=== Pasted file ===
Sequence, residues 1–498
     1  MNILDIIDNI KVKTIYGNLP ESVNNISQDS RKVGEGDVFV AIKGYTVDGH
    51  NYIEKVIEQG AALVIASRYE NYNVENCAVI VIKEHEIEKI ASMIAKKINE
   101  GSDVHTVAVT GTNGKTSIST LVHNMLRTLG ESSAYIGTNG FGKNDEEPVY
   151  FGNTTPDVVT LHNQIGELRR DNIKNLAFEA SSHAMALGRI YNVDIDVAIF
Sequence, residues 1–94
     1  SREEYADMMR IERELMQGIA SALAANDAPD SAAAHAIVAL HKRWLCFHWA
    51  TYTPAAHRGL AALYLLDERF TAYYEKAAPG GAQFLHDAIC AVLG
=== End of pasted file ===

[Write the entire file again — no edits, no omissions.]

Sequence, residues 1–498
     1  MNILDIIDNI KVKTIYGNLP ESVNNISQDS RKVGEGDVFV AIKGYTVDGH
    51  NYIEKVIEQG AALVIASRYE NYNVENCAVI VIKEHEIEKI ASMIAKKINE
   101  GSDVHTVAVT GTNGKTSIST LVHNMLRTLG ESSAYIGTNG FGKNDEEPVY
   151  FGNTTPDVVT LHNQIGELRR DNIKNLAFEA SSHAMALGRI YNVDIDVAIF
Sequence, residues 1–94
     1  SREEYADMMR IERELMQGIA SALAANDAPD SAAAHAIVAL HKRWLCFHWA
    51  TYTPAAHRGL AALYLLDERF TAYYEKAAPG GAQFLHDAIC AVLG